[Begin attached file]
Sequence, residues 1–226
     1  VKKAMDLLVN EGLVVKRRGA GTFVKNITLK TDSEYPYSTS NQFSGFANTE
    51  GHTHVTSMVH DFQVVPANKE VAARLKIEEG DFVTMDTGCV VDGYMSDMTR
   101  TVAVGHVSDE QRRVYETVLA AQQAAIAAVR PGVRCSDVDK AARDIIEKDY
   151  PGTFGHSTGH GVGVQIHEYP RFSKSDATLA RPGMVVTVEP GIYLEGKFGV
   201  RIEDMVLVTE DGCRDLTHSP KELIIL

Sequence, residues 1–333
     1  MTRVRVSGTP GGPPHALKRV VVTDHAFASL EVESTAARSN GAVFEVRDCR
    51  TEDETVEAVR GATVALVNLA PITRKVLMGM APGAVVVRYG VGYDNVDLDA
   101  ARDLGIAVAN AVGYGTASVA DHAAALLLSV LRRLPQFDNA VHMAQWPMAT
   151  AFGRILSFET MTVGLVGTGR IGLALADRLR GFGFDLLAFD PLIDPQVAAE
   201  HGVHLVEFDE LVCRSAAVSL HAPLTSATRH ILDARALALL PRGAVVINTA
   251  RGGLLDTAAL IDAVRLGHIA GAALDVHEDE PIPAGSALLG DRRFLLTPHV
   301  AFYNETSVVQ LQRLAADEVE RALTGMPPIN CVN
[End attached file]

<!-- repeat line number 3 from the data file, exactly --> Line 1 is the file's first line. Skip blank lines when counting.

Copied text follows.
    51  GHTHVTSMVH DFQVVPANKE VAARLKIEEG DFVTMDTGCV VDGYMSDMTR